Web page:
Saturday, September 26, 2015

Simple Modern Improv. Class sample #2

 I've been working on some ideas for more samples for my "Simple Modern Improv" class.  Here's my first sample.  Here's what I've got so far...                                                                    
Here's how I got there...
I recently treated myself to a couple of new books.  One by Sherri Lynn Wood, "Improv Handbook for Modern Quilters"  really got me thinking about solid strips in long bar formations see p. 32!
That quilt gave me the idea for this long scrappy unit.
Here's how I constructed it: 
 I picked a whole bunch of solid strips from my Solids scrap basket.
First I took all those strips and stacked them. The order of color and width were not important at this point.  I just wanted to get them tidy so I stacked them and ironed them on-mass. 
Then I cut two 10 inch (+/-) sets off one end of the stack and started to sew. By selecting alternately from each pile to make the strip sets I could keep the colors pretty random but not have leftovers or repeats.  
I needed to make a bar of strips about 65" long and 10" wide so I put the strip sets up on my wall with gaps here and there so I could add strips to balance the color and measure how many more strip sets I needed to make 65".
Once I got my stripy bar together I needed to cut some Curves.  That's a pretty long bunch of curves to cut without a guide so I folded a long piece of butcher paper accordion style and then cut free hand a gentle S curve to use as a guide.  
With a little trimming I got them the shape I wanted.
I spent about a half a day cleaning my sewing table to make room for my two sewing mats end to end.  That way I could cut my first curve in one continuous motion.  I cut the curve free hand with my rotary cutter using the edge of the butcher paper as my guide.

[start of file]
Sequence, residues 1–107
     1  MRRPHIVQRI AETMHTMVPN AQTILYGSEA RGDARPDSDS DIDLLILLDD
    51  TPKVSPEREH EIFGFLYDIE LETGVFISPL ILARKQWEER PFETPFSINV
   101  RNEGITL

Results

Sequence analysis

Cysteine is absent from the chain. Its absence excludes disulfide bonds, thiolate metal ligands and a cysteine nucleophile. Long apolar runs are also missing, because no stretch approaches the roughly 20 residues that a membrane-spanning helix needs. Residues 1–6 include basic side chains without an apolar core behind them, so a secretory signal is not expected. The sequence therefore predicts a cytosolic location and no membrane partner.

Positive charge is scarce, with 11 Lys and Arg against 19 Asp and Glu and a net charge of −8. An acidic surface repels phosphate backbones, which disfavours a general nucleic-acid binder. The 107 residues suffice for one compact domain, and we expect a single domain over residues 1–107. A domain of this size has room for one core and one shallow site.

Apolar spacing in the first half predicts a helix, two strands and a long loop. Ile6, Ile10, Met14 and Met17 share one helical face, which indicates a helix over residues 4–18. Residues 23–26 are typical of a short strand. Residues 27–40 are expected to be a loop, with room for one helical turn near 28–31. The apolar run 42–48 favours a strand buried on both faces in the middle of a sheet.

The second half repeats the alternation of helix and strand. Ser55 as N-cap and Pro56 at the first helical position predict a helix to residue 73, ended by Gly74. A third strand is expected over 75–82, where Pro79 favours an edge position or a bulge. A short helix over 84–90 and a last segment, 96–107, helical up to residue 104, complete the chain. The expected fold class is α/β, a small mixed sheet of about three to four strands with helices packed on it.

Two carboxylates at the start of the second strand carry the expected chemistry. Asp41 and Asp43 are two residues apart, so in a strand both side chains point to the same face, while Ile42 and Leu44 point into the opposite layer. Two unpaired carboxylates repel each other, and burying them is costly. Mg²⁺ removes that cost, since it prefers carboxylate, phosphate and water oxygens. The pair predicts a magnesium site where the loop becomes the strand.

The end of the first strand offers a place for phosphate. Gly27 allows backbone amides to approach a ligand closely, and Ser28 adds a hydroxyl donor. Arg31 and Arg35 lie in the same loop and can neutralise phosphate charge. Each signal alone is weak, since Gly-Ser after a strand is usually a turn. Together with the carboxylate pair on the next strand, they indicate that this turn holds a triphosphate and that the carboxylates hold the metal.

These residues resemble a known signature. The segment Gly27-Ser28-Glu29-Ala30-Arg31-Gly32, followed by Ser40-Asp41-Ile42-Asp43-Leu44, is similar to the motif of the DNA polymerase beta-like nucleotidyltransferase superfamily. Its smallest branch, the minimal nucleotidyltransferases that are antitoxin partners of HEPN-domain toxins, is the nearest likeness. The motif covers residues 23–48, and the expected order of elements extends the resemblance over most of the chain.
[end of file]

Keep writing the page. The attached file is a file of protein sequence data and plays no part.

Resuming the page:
Then I layed the curve side on the white fabric, both right sides up and used the curve of the stripy bar as my guide to cut the white fabric. 

Then I flipped the white fabric right side down on the stripy bar and put pins to mark the hills and valleys of the curves. 
Curved piecing is a bit like easing in a sleeve in a garment.  You sew 1/2", adjust, sew 1/2", adjust, curse a bit, sew 1/2" etc. 
You can see I'm keeping pretty even with my pin markers! 
Here's the seam before pressing. 
And after pressing...
Now by laying the other curvy edge of  the white fabric on top of the right side of the bar you can see how the finished bar will look.  I will show you where this piece is going next time. 
 Phew!  Some piecing can be intense!  I think I'm headed for a nap!
Happy weekend!
Cheers, CW


  1. WOW! I don't recognize your sewing studio anymore... Half a day just to clean it up?? EGAD... time very well spent

  2. I like the idea of cutting curves into these long strips - very effective.